Friday, August 10, 2018

Singles or Doubles? Melinda Hammond Ponders Romance Covers...



With the release of our latest Regency Romantics Box set, A Summer of Dukes, I have been thinking about covers recently and wondering just what readers – and authors – prefer. Perhaps a single gentleman on the cover is favourite, our "Duke" certainly seems perfectly at home in the picture above, doesn't he?  And the cover of The Ton's Most Notorious Rake, my current Sarah Mallory Regency, has a very handsome hunk gracing the cover.  
Yet the recent Italian version of the same book features a painting of an actual scene from the book and I find I quite like that, too, or perhaps it is just the author in me kicking in, because I like to think that someone has read the book!


And I have now received foreign copies of two of my Sarah Mallory books from the Scandalous Arrandales Series – Lithuania, in fact! – plus The Duke's Secret Heir in German, and they ALL have couples on the covers.




To balance this, several of my own Georgian or Regency Romances have pictures of the heroine on the cover, including these two:-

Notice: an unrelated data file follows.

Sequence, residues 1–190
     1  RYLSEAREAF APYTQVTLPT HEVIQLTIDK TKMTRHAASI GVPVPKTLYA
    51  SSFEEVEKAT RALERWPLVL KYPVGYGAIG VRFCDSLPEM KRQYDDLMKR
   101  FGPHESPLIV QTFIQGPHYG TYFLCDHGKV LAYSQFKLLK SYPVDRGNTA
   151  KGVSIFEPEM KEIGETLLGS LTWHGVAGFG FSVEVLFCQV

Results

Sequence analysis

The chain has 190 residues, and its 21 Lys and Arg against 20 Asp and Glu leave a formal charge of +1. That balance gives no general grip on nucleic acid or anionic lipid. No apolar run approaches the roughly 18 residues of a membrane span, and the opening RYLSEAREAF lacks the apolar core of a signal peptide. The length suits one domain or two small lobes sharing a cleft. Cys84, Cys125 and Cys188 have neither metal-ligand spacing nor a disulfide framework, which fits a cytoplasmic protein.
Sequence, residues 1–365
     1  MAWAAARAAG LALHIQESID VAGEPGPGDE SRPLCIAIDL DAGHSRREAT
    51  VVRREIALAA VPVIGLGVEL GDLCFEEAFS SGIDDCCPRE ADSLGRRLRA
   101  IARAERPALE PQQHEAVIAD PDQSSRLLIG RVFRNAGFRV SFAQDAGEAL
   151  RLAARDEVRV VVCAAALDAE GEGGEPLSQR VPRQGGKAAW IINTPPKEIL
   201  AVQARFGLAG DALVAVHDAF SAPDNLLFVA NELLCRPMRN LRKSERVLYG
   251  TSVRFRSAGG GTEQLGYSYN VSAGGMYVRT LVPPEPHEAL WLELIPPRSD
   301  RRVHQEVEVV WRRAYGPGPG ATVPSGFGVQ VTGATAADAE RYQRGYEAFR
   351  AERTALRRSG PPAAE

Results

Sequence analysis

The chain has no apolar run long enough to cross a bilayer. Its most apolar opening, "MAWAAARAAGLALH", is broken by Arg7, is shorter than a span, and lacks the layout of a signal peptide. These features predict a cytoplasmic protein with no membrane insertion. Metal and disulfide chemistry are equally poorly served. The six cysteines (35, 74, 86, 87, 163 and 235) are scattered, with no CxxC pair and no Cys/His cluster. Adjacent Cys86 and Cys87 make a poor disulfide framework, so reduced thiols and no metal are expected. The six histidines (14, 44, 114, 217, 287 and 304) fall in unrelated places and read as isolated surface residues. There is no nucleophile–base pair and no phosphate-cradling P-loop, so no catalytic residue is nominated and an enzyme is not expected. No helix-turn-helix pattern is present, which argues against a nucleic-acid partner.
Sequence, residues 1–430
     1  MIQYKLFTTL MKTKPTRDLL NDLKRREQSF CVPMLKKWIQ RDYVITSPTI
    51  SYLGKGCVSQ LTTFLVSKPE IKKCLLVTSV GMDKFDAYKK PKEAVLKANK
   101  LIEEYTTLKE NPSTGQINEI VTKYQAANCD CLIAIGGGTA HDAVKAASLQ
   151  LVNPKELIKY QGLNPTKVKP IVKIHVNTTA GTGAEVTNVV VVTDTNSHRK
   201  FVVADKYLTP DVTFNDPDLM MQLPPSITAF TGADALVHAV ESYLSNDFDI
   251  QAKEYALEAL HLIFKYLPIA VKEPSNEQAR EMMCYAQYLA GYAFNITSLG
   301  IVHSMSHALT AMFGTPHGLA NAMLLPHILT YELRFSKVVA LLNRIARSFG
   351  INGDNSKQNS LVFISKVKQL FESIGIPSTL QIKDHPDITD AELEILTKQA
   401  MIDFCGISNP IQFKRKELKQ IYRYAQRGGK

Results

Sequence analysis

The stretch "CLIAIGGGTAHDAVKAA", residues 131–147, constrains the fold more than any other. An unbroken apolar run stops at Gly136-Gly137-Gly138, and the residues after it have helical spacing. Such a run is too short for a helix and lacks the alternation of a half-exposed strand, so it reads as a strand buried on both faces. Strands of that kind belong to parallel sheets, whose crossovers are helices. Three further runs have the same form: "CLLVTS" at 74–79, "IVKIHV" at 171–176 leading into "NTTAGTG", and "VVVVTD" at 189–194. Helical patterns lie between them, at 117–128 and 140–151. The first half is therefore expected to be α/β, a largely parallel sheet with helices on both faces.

So, do you prefer to see a couple on a romance cover, or a single man or woman? Or perhaps it depends on the title  or the story? I confess that I don't think I have a preference,  but I am always intrigued to know what my publishers will choose next!

Do let me know what you think.

Happy reading
Melinda Hammond /Sarah Mallory

2 comments:

Elizabeth Hawksley said...

Covers are always a bit of a problem, I think. I confess I get very cross if the illustrator gets it wrong and gives the heroine dark hair when she's a blonde, say. Sheer laziness - and unprofessional, too, in my view.

The other thing I've noticed is that nothing dates so much as an old cover depicting the heroine in period costume. I have an early 1960s paperback of Anya Seton's 'Katherine', for example. Katherine looks more like, Sophia Loren, Italian film star of the period, all sultry lips and with her hair in loose curls, than a beautiful 14th century woman.

So maybe it's best to keep the human figures in mid-distance and concentrate on a house, carriage, or bit of scenery which has something to do with the story. They, at least, don't date.

For me, Arthur Barbosa's terrific covers for Georgette Heyer's novels show how it should be done.

Melinda Hammond/Sarah Mallory said...

I quite agree about covers becoming dated, Elizabeth, and have always loved Barbosa's illustrations for Heyer's books. Wonderful.
Thank you for stopping by.